Nuclear Deal Could Entice North Korea Out of Its Shell

By , Staff writer of The Christian Science Monitor

IF fully implemented, the US-North Korea nuclear pact reached on Oct. 18 will crack the long isolation of the Pyongyang regime and perhaps set it on a course toward normal political and economic relations with its neighbors and the Western world.

But as any diplomat who has negotiated with a nation sometimes tagged ``The Hermit Kingdom'' knows, North Korea remains unpredictable even after agreements have been signed. It will take years for all provisions of the nuclear deal to be fulfilled, allowing plenty of time for glitches to derail progress.

Still, it appears that a threshold of sorts has been reached. With the accession to power of Kim Jong Il, son of the late, longtime leader Kim Il Sung, North Korea may have finally decided that its national policy of complete self-reliance is simply untenable in the modern era.

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The pact struck in Geneva ``has laid the groundwork for a fundamental solution of the nuclear issue and for the maintenance of peace and stability on the Korean peninsula,'' said a South Korean government statement on Oct. 18.

As of this writing, full details of the nuclear agreement remained unclear. Officials in Washington and Pyongyang were still studying the deal reached by their chief negotiators and were expected to approve an Oct. 21 signing ceremony. But it appeared that under the pact, North Korea in essence agreed to give up any possibility of further nuclear- weapon construction. US intelligence agencies have long suspected Pyongyang of maintaining an extensive bomb program, though North Korea claims its nuclear facilities are only for peaceful purposes.

North Korea evidently has agreed to fully reenter the Nuclear Non-Proliferation Treaty, allowing unfettered checks by international inspectors of declared nuclear sites. Construction and any operation of the country's current nuclear reactors will be frozen. Eventually these reactors will be replaced with models featuring Western technology that is much less suited for the clandestine production of bomb-ready fissile material.

South Korea will play a key role in the construction of these new reactors. Until now, Pyongyang had balked at South Korea playing such a role in this project.

The US, for its part, has agreed to arrange for coal and oil supplies to fuel North Korea's moribund industry while the new reactors are being built. It will reportedly allow Pyongyang to keep control of 8,000 recently withdrawn nuclear-fuel rods, until the new reactors are operational - a key concession, as the rods theoretically can be reprocessed into bomb-grade plutonium.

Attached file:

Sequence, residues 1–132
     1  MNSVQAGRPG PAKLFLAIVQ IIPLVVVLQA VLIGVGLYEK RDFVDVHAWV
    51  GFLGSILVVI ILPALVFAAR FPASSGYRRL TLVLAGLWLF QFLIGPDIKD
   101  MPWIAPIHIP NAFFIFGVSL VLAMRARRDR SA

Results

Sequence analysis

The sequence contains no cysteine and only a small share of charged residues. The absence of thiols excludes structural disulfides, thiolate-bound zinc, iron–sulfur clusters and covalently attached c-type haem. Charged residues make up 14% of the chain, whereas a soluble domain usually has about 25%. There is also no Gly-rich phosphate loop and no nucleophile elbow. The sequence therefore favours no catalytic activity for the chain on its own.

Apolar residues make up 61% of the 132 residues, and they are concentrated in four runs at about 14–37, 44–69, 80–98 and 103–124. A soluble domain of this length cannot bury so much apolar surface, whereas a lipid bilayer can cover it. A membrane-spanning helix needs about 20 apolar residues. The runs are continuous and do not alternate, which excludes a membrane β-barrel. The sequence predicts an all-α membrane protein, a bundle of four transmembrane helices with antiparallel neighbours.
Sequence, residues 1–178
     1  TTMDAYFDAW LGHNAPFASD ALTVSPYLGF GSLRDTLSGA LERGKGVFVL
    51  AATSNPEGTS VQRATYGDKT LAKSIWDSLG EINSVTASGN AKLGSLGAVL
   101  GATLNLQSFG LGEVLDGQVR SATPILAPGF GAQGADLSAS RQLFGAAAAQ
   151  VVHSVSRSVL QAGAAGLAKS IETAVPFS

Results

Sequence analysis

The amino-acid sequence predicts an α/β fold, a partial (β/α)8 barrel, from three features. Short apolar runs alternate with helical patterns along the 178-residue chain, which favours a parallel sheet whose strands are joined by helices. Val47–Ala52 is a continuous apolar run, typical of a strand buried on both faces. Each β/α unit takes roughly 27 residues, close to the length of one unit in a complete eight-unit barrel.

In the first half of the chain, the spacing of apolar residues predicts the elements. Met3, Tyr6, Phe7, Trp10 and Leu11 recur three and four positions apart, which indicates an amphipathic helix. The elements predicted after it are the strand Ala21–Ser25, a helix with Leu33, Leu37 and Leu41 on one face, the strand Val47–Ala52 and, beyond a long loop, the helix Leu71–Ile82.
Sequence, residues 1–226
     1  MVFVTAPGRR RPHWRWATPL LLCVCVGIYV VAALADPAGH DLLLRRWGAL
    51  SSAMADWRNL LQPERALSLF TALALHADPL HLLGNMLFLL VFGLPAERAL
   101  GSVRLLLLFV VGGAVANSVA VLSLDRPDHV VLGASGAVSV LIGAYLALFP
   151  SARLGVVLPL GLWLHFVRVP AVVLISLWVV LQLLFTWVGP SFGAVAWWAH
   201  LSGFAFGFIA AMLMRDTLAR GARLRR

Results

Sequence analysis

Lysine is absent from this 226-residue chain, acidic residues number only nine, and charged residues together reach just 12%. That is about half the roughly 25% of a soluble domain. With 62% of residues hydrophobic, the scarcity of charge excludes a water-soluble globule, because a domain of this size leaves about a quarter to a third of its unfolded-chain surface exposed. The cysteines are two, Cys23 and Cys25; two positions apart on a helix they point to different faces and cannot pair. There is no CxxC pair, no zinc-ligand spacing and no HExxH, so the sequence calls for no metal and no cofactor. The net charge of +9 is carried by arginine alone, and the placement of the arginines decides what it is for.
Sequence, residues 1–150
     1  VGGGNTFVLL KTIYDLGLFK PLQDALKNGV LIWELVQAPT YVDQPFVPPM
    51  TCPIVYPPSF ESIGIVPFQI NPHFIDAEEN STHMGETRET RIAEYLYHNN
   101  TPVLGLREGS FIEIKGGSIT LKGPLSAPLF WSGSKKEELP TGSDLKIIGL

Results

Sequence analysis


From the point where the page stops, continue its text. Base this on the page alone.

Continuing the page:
The US also apparently danced around North Korea's reluctance to allow inspections that could reveal whether Pyongyang already has a nuclear bomb or two somewhere in a bunker. International Atomic Energy Agency officials want to look at a suspected nuclear waste dump, to see whether they can find evidence of plutonium separation.

After fiercely resisting this special inspection, North Korea will now apparently allow it - but only after an interim period of perhaps five to six years, while the nation's new power reactors are under construction. In essence, the United States may have decided that certain knowledge about North Korea's current arsenal is not as important as capping weapons production now.

South Korean Foreign Minister Han Sung Joo admitted that ``all the pre-set goals have not been accomplished'' in the US-North Korean negotiations. But at a press conference he still urged support for the new accord.

Lastly, the United States has agreed to exchange diplomatic liaison offices with North Korea. In time, if relations develop smoothly, these outposts might be upgraded in status to full embassies, though such a process is not spelled out in the Geneva pact.

The exchange of diplomats could be the symbol of a fundamentally changed relation between the two nations - as with the United States and Vietnam.

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